The Eagles found success through the running game the last two weeks, and have even begun to forge an identity as a team that runs to set up play-action, Doug Pederson suggested this week. That identity might be hard to maintain Sunday against the Arizona Cardinals, for a couple of reasons.
One is that Wendell Smallwood, the back shouldering the bulk of Darren Sproles’ former duties in receiving and blitz pickup, hasn’t practiced this week because of knee swelling, and will be listed as questionable when injury designations are made Friday afternoon, a source close to the situation said.
Another is that the Cardinals aren’t the Giants or the Chargers. Eagles center Jason Kelce said Thursday that Arizona much more closely resembles Kansas City, the team whose defense basically lulled Pederson into abandoning the run, ruining offensive flow, in the 3-1 Eagles’ only loss of the season.
Losing Sproles for the season in the Giants game was a blow, but Smallwood showed great potential to mitigate that last Sunday. He caught four passes for 45 yards, on six targets, and rushed 10 times for 34 yards. Pro Football Focus said Smallwood hadn’t been targeted that much since his junior year at West Virginia. Though LeGarrette Blount was the rushing star, with 136 yards on 16 carries, Smallwood (44 snaps) was on the field much more than Blount (26) or rookie Corey Clement (19). The coaching staff seems to trust Smallwood to protect Carson Wentz from blitzers more than it trusts Blount or Clement.
The way it was shaking out, Smallwood was looking like the most versatile guy, the back best suited to the passing game. Blount was becoming the workhorse, but Clement (10 carries, 30 yards) was often getting the nod over Blount in short yardage, where Clement offers both strength and quickness.
Blount said the rotation goes by the flow of the game, though he couldn’t delineate that. Offensive coordinator Frank Reich said play design determines which back gets the call. It’s tough to envision exactly how that would work without Smallwood, though Blount insisted Thursday, as he has in the past, “I can catch the ball.” Blount’s 1-yard touchdown catch against the Redskins was the second of his eight-year career.
“The play calls and the play designs, I’m not always the first read,” Blount acknowledged. He caught one pass for 20 yards against the Chargers. Reich said “in no way should that ball have gone to LeGarrette,” Reich complimenting Wentz on making a great scramble play.
“Obviously you’ve got guys like Alshon [Jeffery] and Torrey [Smith] and [Brent] Celek and a bunch of guys that are used to catching the ball more than I am,” Blount said.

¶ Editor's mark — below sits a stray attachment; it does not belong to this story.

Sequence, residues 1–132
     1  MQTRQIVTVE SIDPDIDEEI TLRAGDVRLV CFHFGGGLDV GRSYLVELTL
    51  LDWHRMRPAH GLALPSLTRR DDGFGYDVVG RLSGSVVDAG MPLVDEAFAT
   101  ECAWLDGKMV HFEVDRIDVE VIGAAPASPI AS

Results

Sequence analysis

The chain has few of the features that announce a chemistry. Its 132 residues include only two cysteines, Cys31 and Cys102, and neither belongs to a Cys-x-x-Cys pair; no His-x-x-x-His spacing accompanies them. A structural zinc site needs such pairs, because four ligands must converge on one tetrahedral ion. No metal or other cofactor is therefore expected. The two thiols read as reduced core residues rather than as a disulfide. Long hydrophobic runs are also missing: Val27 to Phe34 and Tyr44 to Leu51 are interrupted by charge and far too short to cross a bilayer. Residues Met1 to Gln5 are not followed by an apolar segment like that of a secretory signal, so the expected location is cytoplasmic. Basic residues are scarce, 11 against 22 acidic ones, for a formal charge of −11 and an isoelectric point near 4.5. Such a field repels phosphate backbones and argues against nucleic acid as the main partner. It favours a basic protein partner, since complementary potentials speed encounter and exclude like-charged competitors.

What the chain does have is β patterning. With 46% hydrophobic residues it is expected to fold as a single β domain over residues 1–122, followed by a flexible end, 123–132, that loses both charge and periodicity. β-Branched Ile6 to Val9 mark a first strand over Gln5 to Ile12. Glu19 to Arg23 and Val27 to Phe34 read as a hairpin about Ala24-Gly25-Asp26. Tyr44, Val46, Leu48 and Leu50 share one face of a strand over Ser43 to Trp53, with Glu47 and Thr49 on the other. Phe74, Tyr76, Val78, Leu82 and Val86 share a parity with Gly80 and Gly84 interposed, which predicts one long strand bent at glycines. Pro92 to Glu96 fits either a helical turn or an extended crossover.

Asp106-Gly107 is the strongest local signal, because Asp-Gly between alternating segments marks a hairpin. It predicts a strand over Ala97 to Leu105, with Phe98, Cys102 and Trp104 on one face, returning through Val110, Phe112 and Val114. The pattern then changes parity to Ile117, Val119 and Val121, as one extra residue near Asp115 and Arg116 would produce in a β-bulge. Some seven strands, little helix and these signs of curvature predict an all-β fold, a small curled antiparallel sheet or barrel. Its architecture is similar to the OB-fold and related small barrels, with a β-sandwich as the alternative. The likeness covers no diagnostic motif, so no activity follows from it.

Four of Clement’s 10 carries against the Chargers moved the chains.
“To be a rookie, and have the faith of my coach to put me in on those crucial situations, means a lot to me,” Clement said.
Reich said Clement shows “great balance, strength, no fear. He’s just a powerful runner.”
Arizona ranks 10th in rushing yards per game allowed (88), sixth in yards per carry allowed (3.2). By comparison, the Giants rank 27th and 25th in those categories, the Chargers rank 31st and 27th.
“They got guys who are stout up front, who get off the ball and work well together,” right guard Brandon Brooks said, when asked what makes the Cards tough to run on.
“They do a good job of putting an emphasis on stopping the run. Stack the box, they’re going to give you different fronts to make it difficult for you to run the ball inside,” Kelce said.
“They do a lot of Cover 1, safety down in the box. You’re not going to get a lot of number-favorable matchups. They’re very similar to Kansas City, in that respect. They’re not quite the same defense.”
It was a sore point with the offensive line that fans and reporters came out of the Kansas City game thinking the Chiefs had stuffed the run. (The backs had 52 yards on 13 carries). It was more that Pederson stopped calling runs. So the offensive line isn’t about to concede that it can’t run on a similar group.
But it seems safe to say that Blount won’t be romping through the second level as much this week, stiff-arming safeties en route to 68-yard rambles, as he did against the Chargers. The Cards have allowed one 20-plus-yard run this season, a 30-yarder to Ezekiel Elliott, in Dallas’s 28-17 victory. Elliott gained 50 yards on his other 21 carries.
Hybrid linebacker-safety Deone Bucannon – the Cards call him their “dollar linebacker” – and safety Tyrann Mathieu aren’t as easily trampled as their Chargers counterparts.
“They’re very athletic guys. They’re going to get to the ball a little bit quicker,” on runs to the second level, Kelce said. “They do a lot of jumping around blocks – most likely they’re not going to take you on and butt you.”
Blitz pickup also might be critical this week for the backs.
“Mathieu is a very special player. He’s all over the place. They’ll blitz him; on any down and distance, he’ll be coming off the edge potentially, and you have to be ready to handle that,” Kelce said. “He’s an excellent blitzer, great tackler. He’s just an all-around good player.
“That secondary, in my opinion, is what allows them to do so much inside. The same way with Kansas City. When you have DBs that you feel comfortable leaving one-on-one out there it allows you to stack the box.”
If Smallwood is sidelined or limited, we might see Kenjon Barner working in the offense for the first time since his return, in the wake of Sproles’ injury. Barner, who played only special teams last week, probably is a better pass-game option than Blount or Clement. At 5-9, 195, he might be overmatched in blitz pickup.